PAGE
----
The Swedish Academy had considered Gordimer as a Nobel Prize nominee for years before she finally received the award in 1991. Several commentators, while congratulating her on her accomplishment, noted that the struggle against apartheid remained unfinished. "On the day of the announcement that Nadine Gordimer would receive the 1991 Nobel Prize for literature, a tribute to the complex and intimate stories she has written about racism's toll on people's lives in her native South Africa," wrote Esther B. Fein in the New York Times, "Nelson Mandela still did not have the right to vote." Mandela had been released from his political prison, but the basic tenets of apartheid prevented him from exercising the rights of citizenship. When South African president F.W. De Klerk announced that the policy of separation would end, reviewers wondered where the Nobel laureate would turn her attention. "With apartheid finally ended," Diana Jean Schemo declared in the New York Times, "the novelist waxes exultant over a sense of renewal in her homeland; the urgency is gone, but the turn of mind remains."
"For the whole of her literary career, Gordimer has grappled with the intricacies and distortions of life under a certain political system, a specific regime of oppression," noted Diane Simon in the Nation. With the ending of apartheid and the enfranchisement of South African blacks, critics scanned Gordimer's fiction for evidence of how this supremely political writer's focus would change. Her novel None to Accompany Me looks at the fortunes of two families--one black, one white--as they move into the new, postapartheid, era. "The repressions, the curle laws and persecutions, the campaigns of resistance, the exiles, the detentions, the banning and brutalities--all these horrors of the past are finished," observed Sonya Rudikoff in the book African Writers, continuing: "What remains is the damage done to society and to personal relations." "None to Accompany Me is a sustaining achievement, proving Gordimer once again a lucid witness to her country's transformation and a formidable interpreter of the inner self," commented a contributor to Tribune Books. While some viewed this work as a step away from the public themes of her earlier novels and short stories, Simon observed that all of Gordimer's main characters are actively involved in the political life of the new South Africa.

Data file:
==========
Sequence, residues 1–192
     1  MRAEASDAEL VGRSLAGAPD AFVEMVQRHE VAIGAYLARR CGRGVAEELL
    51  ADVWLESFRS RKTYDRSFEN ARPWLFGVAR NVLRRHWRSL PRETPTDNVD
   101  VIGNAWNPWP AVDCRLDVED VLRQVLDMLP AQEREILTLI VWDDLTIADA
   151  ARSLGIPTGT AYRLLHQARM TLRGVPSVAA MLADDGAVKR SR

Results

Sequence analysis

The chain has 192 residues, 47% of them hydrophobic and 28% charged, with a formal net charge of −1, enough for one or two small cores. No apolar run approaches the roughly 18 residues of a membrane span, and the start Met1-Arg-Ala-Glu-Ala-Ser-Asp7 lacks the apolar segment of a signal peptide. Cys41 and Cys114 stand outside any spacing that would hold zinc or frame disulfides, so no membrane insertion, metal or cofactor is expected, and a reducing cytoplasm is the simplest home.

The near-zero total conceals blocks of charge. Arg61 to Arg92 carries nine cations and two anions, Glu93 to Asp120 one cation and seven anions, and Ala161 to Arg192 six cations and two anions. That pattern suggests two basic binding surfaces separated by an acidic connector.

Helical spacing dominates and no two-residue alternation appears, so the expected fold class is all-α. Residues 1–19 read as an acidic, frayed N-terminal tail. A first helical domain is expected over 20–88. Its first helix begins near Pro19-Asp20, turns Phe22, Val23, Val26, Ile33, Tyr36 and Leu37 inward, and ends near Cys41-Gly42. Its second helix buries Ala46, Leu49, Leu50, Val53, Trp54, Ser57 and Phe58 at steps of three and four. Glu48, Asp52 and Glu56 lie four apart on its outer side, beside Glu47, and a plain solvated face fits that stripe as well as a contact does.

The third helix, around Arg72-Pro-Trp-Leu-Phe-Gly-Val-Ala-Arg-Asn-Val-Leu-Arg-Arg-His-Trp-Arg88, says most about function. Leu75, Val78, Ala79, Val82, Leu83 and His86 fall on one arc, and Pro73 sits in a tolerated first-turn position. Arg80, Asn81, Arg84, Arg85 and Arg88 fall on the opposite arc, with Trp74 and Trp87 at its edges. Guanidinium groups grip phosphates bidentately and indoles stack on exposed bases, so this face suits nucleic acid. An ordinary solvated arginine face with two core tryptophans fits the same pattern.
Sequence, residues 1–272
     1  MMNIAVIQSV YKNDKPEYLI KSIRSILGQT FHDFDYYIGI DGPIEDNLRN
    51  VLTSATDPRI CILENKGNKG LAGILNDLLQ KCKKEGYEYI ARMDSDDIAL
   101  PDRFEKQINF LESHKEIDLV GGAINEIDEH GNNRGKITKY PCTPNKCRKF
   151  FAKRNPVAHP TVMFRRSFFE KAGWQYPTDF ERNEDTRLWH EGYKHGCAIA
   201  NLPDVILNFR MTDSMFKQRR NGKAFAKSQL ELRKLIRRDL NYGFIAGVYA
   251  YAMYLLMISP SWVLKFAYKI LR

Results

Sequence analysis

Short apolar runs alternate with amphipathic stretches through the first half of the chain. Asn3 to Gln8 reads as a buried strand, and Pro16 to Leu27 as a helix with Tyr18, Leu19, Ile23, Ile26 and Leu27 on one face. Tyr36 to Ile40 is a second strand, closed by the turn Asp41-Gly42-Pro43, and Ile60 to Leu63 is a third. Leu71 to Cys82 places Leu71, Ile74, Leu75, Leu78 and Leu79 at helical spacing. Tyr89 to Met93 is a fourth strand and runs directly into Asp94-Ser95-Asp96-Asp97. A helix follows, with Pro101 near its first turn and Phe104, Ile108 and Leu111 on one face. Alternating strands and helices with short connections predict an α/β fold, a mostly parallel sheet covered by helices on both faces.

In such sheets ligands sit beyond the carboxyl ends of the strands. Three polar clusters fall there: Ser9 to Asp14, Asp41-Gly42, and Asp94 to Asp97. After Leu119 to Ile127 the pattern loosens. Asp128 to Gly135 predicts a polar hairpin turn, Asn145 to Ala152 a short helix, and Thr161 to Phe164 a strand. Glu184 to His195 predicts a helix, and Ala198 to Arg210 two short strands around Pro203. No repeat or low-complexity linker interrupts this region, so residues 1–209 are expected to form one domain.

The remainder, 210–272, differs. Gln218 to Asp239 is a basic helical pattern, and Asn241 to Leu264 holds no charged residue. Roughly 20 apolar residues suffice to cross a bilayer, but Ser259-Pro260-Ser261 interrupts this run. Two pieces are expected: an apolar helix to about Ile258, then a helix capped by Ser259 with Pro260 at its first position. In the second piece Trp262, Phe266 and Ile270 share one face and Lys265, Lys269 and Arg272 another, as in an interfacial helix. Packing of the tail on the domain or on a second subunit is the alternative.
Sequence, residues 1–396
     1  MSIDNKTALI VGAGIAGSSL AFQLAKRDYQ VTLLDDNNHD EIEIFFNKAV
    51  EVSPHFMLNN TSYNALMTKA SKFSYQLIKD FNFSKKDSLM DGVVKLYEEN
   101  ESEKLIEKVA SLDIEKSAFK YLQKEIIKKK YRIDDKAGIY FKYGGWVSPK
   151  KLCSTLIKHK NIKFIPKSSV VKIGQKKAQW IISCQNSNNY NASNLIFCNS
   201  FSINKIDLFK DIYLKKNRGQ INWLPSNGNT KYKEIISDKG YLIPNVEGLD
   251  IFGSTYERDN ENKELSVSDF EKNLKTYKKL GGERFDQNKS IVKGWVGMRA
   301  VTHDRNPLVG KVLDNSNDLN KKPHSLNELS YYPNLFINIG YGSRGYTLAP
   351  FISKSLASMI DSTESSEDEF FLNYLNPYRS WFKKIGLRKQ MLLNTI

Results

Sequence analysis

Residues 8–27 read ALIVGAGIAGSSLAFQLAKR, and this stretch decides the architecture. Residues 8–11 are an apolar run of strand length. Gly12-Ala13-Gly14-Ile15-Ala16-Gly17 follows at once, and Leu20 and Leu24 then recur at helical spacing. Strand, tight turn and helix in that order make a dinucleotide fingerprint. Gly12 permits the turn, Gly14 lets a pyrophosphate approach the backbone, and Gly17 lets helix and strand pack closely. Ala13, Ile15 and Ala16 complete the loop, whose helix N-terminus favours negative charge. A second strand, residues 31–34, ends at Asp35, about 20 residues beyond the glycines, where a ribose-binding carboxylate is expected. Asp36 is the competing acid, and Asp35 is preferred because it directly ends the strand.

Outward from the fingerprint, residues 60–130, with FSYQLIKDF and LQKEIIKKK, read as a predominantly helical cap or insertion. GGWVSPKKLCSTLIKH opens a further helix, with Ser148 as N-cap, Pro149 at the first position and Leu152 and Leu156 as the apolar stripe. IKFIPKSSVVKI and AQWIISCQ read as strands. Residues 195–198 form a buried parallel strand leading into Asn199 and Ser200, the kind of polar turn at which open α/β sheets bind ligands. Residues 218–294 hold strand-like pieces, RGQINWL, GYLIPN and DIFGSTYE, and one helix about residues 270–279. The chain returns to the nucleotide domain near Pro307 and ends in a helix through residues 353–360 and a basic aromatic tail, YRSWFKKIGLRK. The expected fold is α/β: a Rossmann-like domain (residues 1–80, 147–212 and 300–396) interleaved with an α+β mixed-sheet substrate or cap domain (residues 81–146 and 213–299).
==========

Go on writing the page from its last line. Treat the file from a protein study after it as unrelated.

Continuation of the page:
By contrast, Gordimer's second postapartheid novel, The House Gun, while it also explores the relationships between blacks and whites in the newly transformed South Africa, is arguably more concerned with the politicization of her characters' personal lives. The Lindegards are an affluent white couple who learn that their only son, Duncan, has committed a murder using a gun intended to protect the house from thieves. They hire a black lawyer to represent him and begin the painful process of emerging out of the sheltered lives they have created. Through these events, Gordimer explores the question of whether a violent society provokes violence in nonviolent individuals. "The story deftly brings home a tricky truth," remarked Walter Kirn in Time: "Peace can be as perilous as war, and even more confusing to negotiate," especially when it is a peace that follows bitter internal strife. The novel's other underlying question, which asks if the level of violence in South Africa is higher than in Europe because of its large black population or because of the way blacks have long been treated by racist whites, is the "question that haunts Gordimer's novel," according to Jack Miles in the New York Times Book Review. Miles described The House Gun as an "elegantly conceived, flawlessly executed novel." While Kakutani in the New York Times dubbed the novel "little more than a courtroom thriller, dressed up with some clumsy allusions to apartheid's legacy of violence and the uses and misuses of freedom," Library Journal reviewer Edward B. St. John contended that The House Gun is "much more ambitious" than the courtroom dramas of Scott Turow or John Grisham. St. John added that "Gordimer's trademark prose style ... seems especially well suited to capturing the moral ambiguities of South African life." "Gordimer's great fiction has always personalized the political," observed Hazel Rochman in Booklist, but in this novel, the author "moves in the opposite direction, taking the personal intimacy of family, friend, and lover into the glare of the public sphere."